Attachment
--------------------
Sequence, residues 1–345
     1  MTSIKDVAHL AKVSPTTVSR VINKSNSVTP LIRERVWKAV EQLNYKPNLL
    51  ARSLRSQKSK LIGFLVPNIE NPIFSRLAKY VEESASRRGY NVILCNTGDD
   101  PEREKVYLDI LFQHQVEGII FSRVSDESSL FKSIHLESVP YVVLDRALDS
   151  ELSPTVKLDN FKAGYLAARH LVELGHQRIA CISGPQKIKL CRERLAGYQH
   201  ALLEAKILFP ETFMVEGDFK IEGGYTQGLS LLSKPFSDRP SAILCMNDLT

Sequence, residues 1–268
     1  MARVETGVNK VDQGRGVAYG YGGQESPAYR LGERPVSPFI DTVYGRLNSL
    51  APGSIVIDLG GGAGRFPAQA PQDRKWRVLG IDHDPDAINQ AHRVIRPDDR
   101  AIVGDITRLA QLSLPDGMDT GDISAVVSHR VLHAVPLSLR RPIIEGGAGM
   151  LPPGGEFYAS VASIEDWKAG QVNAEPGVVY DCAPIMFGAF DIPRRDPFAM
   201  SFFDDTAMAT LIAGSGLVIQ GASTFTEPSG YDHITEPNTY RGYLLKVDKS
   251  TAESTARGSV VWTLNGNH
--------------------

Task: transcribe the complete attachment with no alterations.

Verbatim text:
Sequence, residues 1–345
     1  MTSIKDVAHL AKVSPTTVSR VINKSNSVTP LIRERVWKAV EQLNYKPNLL
    51  ARSLRSQKSK LIGFLVPNIE NPIFSRLAKY VEESASRRGY NVILCNTGDD
   101  PEREKVYLDI LFQHQVEGII FSRVSDESSL FKSIHLESVP YVVLDRALDS
   151  ELSPTVKLDN FKAGYLAARH LVELGHQRIA CISGPQKIKL CRERLAGYQH
   201  ALLEAKILFP ETFMVEGDFK IEGGYTQGLS LLSKPFSDRP SAILCMNDLT

Sequence, residues 1–268
     1  MARVETGVNK VDQGRGVAYG YGGQESPAYR LGERPVSPFI DTVYGRLNSL
    51  APGSIVIDLG GGAGRFPAQA PQDRKWRVLG IDHDPDAINQ AHRVIRPDDR
   101  AIVGDITRLA QLSLPDGMDT GDISAVVSHR VLHAVPLSLR RPIIEGGAGM
   151  LPPGGEFYAS VASIEDWKAG QVNAEPGVVY DCAPIMFGAF DIPRRDPFAM
   201  SFFDDTAMAT LIAGSGLVIQ GASTFTEPSG YDHITEPNTY RGYLLKVDKS
   251  TAESTARGSV VWTLNGNH